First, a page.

Religion Today Summaries, August 6, 2003

Compiled & Edited by Crosswalk News Staff

Religion Today Summaries, August 6, 2003

Daily briefs of the top news stories impacting Christians around the world.  In today's edition:

  • Buddhist Mobs Attack Five Churches in Sri Lanka
  • Calif. Governor Signs Bill Protecting Cross-dressers
  • Majority of Americans OK with Ten Commandments, Pledge
  • Groups Accuse Wal-Mart of 'Slashing Family Values'

Buddhist Mobs Attack Five Churches in Sri Lanka
Sarah Page, Compass Direct

Mobs attacked five churches in southern Sri Lanka on August 2. Initial information from the Evangelical Alliance of Sri Lanka (EASL) suggests the organized attack is part of the government's plan to introduce anti-conversion legislation. Police thwarted an attempted attack on the Methodist church in Rathgama that a crowd of Buddhist monks and youth mounted on July 27. However, the monks returned the following Saturday. They stoned the building, destroyed pews and benches, and beat two church workers so badly that they required hospital treatment. Other churches in the area were attacked on August 2, including the Assemblies of God in Thanamalwila and Lumugamvehera, and the Calvary church in Hikkaduwa. According to the EASL, attackers are attempting to incite Buddhists against the Christian community in order to create an environment of religious disharmony, which, in turn, will allow the government to argue convincingly for the introduction of anti-conversion laws. 

Calif. Governor Signs Bill Protecting Cross-dressers
Michael Foust, Baptist Press News

Already facing a recall election, California Gov. Gray Davis has signed into law a controversial bill protecting "transsexuals" and "cross-dressers" in hiring and employment practices. Because the bill does not include an exemption for religious businesses, those such as Christian bookstores could be faced with a $150,000 fine if it is proven they discriminated against a transsexual or cross-dressing applicant -- for example, a man wearing a dress. While the bill does have an exemption for religious nonprofit organizations (churches, etc.), it does not include an exemption for non-religious nonprofit organizations, such as the Boy Scouts. Davis signed the bill into law Aug. 2. Randy Thomasson, founder and executive director of the Campaign for California Families, said in a release that Davis has awarded cross-dressers "unprecedented power" to "persecute the Boys Scouts and religious businesses" as well as "the power to financially crush a Bible bookstore." "People aren't going to sacrifice their dearly held values," Thomasson said. "What small business or nonprofit organization could financially survive a government investigation and a $150,000 penalty? [The bill] is grossly intolerant of religious freedom. This radical bill engages in reverse discrimination and will do real harm to persons of conscience." By signing the bill Davis has "earned his recall," Thomasson said.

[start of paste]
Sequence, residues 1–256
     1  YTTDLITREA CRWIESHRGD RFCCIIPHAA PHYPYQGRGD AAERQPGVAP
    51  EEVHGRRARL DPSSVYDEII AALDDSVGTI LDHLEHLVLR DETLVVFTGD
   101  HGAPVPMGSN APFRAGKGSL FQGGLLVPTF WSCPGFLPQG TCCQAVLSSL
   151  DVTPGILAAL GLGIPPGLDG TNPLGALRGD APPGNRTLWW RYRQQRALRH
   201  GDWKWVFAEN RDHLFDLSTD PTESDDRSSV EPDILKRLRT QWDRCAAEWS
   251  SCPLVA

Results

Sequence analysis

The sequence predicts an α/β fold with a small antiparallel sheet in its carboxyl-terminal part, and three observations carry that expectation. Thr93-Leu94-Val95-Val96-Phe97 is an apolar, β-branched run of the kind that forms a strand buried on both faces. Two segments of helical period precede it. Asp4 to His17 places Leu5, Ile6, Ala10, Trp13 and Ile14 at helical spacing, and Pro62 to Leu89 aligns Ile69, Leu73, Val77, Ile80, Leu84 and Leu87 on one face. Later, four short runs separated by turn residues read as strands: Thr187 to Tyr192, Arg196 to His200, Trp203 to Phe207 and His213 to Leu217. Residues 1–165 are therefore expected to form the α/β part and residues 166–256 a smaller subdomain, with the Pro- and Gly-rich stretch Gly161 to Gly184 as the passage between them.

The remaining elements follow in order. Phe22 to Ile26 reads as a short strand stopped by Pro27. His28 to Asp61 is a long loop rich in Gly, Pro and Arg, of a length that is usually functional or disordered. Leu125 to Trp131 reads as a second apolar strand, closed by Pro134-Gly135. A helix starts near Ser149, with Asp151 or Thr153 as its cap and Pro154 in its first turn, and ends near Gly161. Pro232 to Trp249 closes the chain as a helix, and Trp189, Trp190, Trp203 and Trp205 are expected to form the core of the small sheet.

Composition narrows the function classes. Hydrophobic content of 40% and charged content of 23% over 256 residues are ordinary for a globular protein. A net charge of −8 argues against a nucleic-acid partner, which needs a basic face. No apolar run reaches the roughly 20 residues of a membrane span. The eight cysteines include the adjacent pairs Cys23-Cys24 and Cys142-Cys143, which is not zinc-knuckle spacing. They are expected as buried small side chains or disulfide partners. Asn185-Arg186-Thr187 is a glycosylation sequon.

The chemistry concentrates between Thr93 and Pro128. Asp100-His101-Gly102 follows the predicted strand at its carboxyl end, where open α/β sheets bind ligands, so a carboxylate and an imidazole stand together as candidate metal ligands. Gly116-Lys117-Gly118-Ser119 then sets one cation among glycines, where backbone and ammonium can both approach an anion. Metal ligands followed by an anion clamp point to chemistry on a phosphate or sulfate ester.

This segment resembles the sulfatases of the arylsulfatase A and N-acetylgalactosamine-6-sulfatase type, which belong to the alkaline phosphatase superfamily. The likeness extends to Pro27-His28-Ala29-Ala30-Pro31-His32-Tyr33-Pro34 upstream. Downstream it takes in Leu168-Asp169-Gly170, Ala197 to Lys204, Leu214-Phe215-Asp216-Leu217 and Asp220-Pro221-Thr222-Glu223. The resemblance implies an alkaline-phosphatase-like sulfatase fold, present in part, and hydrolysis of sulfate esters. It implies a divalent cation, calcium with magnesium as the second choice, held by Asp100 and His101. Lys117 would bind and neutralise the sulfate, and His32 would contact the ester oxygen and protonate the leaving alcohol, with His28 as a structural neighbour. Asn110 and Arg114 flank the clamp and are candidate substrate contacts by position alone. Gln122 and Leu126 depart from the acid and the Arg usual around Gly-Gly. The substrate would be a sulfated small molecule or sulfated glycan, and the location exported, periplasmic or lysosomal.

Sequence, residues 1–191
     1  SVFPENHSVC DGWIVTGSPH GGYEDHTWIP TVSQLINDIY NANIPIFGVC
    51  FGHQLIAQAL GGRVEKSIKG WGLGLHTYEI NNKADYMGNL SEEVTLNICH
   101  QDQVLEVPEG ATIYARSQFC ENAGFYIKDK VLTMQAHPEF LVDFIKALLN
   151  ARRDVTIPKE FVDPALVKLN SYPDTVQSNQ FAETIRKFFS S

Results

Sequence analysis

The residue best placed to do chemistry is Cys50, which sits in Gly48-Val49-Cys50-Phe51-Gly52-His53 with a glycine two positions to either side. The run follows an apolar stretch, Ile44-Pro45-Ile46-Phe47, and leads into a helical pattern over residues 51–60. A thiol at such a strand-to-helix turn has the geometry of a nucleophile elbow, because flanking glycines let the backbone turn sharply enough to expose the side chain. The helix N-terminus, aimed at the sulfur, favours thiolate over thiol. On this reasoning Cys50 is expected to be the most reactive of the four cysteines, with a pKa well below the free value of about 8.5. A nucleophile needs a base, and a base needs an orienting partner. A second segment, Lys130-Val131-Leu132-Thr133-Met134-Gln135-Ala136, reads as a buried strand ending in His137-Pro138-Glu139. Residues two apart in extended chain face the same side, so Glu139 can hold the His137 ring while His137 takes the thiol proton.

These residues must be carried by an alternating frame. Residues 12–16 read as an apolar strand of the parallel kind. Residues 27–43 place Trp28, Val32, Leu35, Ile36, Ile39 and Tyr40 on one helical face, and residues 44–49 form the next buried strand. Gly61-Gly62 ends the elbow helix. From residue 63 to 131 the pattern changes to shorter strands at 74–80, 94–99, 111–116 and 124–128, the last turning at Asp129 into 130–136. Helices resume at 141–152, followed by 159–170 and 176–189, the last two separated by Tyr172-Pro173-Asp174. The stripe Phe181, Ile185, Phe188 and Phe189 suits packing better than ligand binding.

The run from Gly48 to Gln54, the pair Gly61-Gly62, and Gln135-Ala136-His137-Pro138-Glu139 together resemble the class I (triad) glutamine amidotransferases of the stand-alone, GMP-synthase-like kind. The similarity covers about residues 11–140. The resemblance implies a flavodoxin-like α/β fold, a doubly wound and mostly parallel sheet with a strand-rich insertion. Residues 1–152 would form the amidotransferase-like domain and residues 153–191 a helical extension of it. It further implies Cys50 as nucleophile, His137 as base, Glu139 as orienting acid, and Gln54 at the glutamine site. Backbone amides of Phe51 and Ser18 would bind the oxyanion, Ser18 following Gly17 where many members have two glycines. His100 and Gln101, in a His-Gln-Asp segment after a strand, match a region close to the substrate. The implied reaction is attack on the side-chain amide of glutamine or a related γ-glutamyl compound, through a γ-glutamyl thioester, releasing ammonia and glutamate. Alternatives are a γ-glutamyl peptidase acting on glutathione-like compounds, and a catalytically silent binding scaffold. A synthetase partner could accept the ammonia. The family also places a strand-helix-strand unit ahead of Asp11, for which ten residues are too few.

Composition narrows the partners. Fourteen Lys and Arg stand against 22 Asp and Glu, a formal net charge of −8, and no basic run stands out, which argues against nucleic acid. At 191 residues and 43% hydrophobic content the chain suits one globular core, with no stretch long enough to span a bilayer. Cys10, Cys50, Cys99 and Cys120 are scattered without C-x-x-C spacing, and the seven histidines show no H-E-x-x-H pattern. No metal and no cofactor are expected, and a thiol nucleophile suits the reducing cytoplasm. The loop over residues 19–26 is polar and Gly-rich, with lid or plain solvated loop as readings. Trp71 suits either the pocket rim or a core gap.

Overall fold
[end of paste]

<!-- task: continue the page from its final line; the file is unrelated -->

Majority of Americans OK with Ten Commandments, Pledge
Adelle Banks, Religion News Service

More than 60 percent of Americans think government officials should be able to post the Ten Commandments in government buildings and believe it is constitutional for teachers to lead the recitation of "one nation under God" in the Pledge of Allegiance, according to the "State of the First Amendment 2003" survey, released Aug. 1. It reported that sixty-eight percent of respondents said the words "one nation under God" did not violate the principle of separation of church and state. Twenty-six percent disagreed.   Sixty-two percent of those surveyed agreed that government officials should be allowed to post the Ten Commandments within government buildings, while 35 percent said they should not. Researchers found that 60 percent of respondents favored allowing the government to give money to religious institutions to help them operate programs that aim to prevent drug abuse. Kenneth A. Paulson, executive director of the First Amendment Center, said the reason for these statistics could lie in "how Americans view God in the context of government activities. Most of those surveyed regarded government references to God as civic rather than spiritual."  He cited the finding that 73 percent of respondents said the pledge, including the words "one nation under God," is "primarily a statement related to the American political tradition," while 18 percent said it was primarily a religious statement.

Groups Accuse Wal-Mart of 'Slashing Family Values'
Eric Tiansay, Religion News Service

Accusing the world's biggest mega-retailer of "slashing family values," some pro-family Christian groups are urging Wal-Mart to reverse its recent decision to include gay employees in nondiscrimination policies. They say Wal-Mart has succumbed to the pressures of homosexual activists, who have been lobbying the mega-retailer for a while. "To please a few, Wal-Mart caved in to coercion," Phil Sheldon, of, which is affiliated with Traditional Values Coalition, said. "Slashing traditional family values like it claims to do prices, the nation's largest retailer is revamping its nondiscrimination training program for all employees to include pro-homosexual propaganda." Last month, Sheldon called on supporters to sign a petition, demanding Wal-Mart reverse its policy. "This is an ominous threat for all of America, one that must be stopped before it spreads to our nation's detriment." Focus on the Family is also fighting the policy change. The ministry said it "is profoundly disappointed that the largest family-friendly company in the nation has surrendered to a small handful of homosexual activists and will subject 1.3 million employees to 'sensitivity training' on homosexual issues." Wal-Mart claims its decision is based on fairness and good business, but homosexual activists are taking credit for pressuring the company into changing.